Every day seems to be a mix of good signs of getting through the Virus and the sad reports of deaths and discoveries that more have the Virus. We are praying for wisdom for our leaders to do the right thing. This is a bit like the weather here in Chicago: we began yesterday with more than an inch of snow and ended with beautiful green grasses, clear skies, and sun. Back and forth we go.
Our small group discussed what’s good about “Zoom small groups” and what’s lacking. It’s better than not seeing one another, but it’s not the same as being there. We all agree it’s better than not being able to meet or see one another. Thank God for this wonderful technology.
(CNN)With coronavirus severely affecting the potato supply chain, a farm in Idaho is giving awayabout 2 million potatoes so they don't go to waste. First come, first served.
Ryan Cranney, CEO of Cranney Farms in Oakley, Idaho, about 150 miles from Boise, told CNN the majority of his potatoes from the farm are typically sold to grocery stores and to restaurants to make french fries.
Because of stay-at-home orders throughout the nation, Cranney said the food service demand is down significantly, leaving him with six months worth of crop.
"With people staying at home, these restaurants have shut down and so our markets have just kind of fallen apart," Cranney said. "The factories that we sell to for french fries, they've lost their sales and had to shut their factories down with freezers full of french fries and so the outlets for our potatoes, we're having a difficult time getting them to market."
A little over 50% of Cranney's sales come from its potato crop, according to Cranney.
Cranney Farms also grows sugar beats, wheat, barley, mustard seeds, corn and alfalfa and they raise cattle, but Cranney said their potato crop and cattle have been hit the hardest.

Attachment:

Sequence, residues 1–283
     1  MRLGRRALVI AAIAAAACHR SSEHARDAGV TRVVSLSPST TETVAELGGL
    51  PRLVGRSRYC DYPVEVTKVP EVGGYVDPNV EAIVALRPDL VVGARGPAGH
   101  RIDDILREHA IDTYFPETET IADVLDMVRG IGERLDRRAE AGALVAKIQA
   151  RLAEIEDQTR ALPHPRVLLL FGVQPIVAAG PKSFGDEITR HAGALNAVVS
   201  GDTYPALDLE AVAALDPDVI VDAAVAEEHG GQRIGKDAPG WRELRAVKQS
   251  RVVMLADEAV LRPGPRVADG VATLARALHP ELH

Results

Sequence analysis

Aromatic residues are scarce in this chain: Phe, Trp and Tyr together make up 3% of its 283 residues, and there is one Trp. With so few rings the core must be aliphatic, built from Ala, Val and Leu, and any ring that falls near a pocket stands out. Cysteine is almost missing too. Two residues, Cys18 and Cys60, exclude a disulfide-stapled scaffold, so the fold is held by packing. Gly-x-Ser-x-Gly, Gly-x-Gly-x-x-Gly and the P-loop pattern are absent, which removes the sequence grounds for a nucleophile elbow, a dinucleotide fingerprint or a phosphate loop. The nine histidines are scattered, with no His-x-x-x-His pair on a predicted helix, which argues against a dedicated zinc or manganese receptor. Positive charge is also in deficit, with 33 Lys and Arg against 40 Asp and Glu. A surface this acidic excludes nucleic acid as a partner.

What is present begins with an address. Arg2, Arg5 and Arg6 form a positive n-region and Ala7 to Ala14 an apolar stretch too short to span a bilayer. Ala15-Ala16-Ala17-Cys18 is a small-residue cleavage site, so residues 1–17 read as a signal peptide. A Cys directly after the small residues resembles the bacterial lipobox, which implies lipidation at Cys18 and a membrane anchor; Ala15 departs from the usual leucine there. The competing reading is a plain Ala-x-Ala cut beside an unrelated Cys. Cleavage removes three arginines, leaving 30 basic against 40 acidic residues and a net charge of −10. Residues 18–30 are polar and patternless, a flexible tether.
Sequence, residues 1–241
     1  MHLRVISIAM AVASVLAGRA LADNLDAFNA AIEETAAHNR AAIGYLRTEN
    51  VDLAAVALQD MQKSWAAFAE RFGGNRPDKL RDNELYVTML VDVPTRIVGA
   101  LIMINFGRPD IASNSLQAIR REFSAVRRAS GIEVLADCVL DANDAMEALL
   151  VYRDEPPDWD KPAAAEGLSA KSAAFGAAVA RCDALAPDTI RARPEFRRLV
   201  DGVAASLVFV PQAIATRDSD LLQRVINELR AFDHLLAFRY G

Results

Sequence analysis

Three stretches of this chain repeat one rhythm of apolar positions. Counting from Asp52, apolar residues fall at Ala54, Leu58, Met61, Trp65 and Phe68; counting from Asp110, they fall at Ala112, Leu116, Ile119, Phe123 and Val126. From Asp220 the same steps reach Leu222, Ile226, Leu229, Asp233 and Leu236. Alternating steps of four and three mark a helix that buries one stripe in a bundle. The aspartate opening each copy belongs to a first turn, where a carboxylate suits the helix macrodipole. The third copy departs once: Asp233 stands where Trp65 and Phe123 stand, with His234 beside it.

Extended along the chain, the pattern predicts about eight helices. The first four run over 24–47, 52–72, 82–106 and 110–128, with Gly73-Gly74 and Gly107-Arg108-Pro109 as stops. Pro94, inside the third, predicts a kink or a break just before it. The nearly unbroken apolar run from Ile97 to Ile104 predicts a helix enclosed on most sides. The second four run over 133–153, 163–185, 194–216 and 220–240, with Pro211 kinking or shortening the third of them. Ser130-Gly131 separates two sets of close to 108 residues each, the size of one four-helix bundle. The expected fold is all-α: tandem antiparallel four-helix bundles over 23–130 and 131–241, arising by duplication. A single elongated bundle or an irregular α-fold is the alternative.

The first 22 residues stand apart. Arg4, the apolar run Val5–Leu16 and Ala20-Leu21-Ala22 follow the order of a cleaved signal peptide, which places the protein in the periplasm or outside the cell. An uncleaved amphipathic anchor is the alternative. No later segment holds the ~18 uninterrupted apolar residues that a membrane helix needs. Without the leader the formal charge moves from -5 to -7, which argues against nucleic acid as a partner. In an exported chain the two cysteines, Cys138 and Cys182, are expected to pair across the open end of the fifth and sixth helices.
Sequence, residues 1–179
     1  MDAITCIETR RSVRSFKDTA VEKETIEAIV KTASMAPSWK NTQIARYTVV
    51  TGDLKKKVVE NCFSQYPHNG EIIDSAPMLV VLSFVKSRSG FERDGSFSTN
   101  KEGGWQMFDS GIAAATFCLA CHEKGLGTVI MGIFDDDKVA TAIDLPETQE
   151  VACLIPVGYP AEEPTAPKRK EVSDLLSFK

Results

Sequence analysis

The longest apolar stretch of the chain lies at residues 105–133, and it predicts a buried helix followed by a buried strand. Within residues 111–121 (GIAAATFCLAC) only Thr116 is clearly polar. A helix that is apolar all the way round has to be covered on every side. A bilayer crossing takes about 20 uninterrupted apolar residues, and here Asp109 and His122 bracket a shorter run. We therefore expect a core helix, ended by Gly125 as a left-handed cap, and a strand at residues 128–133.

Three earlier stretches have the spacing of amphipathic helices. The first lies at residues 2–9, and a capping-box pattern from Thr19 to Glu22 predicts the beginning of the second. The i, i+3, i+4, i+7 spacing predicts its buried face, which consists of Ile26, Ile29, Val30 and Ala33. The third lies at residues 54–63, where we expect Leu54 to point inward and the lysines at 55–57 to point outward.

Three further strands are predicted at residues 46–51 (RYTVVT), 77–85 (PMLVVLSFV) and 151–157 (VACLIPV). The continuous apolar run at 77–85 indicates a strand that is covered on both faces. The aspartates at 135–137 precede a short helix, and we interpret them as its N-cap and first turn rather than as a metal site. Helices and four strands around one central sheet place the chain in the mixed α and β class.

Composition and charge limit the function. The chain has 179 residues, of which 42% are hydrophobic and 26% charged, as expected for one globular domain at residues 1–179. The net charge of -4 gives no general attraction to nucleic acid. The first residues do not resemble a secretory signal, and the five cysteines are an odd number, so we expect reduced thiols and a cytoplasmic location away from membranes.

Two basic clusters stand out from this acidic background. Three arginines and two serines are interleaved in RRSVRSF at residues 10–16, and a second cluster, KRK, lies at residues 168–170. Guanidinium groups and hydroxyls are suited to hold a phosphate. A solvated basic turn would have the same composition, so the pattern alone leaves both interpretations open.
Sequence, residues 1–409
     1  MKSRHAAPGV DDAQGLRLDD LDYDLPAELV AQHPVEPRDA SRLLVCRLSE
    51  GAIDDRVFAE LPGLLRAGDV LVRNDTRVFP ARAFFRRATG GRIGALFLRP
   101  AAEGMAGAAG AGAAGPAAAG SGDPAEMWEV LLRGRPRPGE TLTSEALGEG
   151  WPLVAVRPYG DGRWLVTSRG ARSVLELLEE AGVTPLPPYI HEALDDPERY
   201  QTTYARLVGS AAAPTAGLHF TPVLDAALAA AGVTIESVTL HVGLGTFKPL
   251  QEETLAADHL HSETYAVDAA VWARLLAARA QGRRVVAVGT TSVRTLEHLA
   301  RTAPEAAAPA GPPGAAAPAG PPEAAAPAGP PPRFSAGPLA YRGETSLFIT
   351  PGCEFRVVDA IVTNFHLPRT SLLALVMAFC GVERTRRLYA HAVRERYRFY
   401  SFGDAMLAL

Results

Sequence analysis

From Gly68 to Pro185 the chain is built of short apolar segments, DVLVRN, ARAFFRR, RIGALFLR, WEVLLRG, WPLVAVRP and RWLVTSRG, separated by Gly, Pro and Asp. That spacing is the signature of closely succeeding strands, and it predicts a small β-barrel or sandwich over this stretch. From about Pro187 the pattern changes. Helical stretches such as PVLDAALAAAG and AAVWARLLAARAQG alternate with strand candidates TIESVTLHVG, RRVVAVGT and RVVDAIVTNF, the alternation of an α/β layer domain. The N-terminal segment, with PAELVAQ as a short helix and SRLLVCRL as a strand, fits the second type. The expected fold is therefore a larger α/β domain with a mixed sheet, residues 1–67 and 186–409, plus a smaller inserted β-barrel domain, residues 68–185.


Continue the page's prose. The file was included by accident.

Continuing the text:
"We've made our best assumptions so we're cutting back what we're going to grow this year," Cranney said. "If things turn around quickly and take off, we're going to be short. But if it drags on longer for several more months, it could be a total disaster. People are going to lose their farms over this."
Initially, Cranney said he posted about the crop on Facebook, urging members of his community of about 700 people to show up at the farm and grab as many potatoes as they want. But now, people are driving hours to pick some up.
"The response has completely blown me away," Cranney said. "People are coming from all over the place."
Cranney said he's expecting a woman from Kansas on Thursday who will have driven 19 hours. Food banks and soup kitchens are also starting to show up.
The day President Donald Trump went to the National Institutes of Health for an update on progress toward a vaccine for COVID-19, many of those who sat behind the presidential seal with him were white men well known in the worlds of science, medicine and, now, national anxiety control: vaccine and infectious disease specialists like Dr. Anthony Fauci, Dr. John Mascola, Dr. Barney Graham and the man who led the human genome project, Dr. Francis Collins, director of the NIH. Sitting next to Graham was Kizzmekia Corbett, an NIH research fellow.
In 2003, Fauci said at the event, NIH scientists managed to identify SARS and get a vaccine to stage-one clinical trials in 20 months. Now a team of scientists led by Corbett, 34, was poised to move to first-stage trials for a coronavirus vaccine — this time, in about two months.
That was March 3. Just 122 people had tested positive for the coronavirus in the U.S. Reporters stationed around the edges of the room asked the president about virus-related travel bans and his Super Tuesday predictions. No one asked Corbett — whom Collins had just described as a "wonderfully talented young scientist in our midst," as well as the only woman and black person at the table — a single thing.
"There was, and is, already a fair amount of pressure," Corbett said. "A lot of people are banking on us or feel that we have a product that could, at least, be part of the answer this world needs. And, well, whew, just saying that out loud is not easy."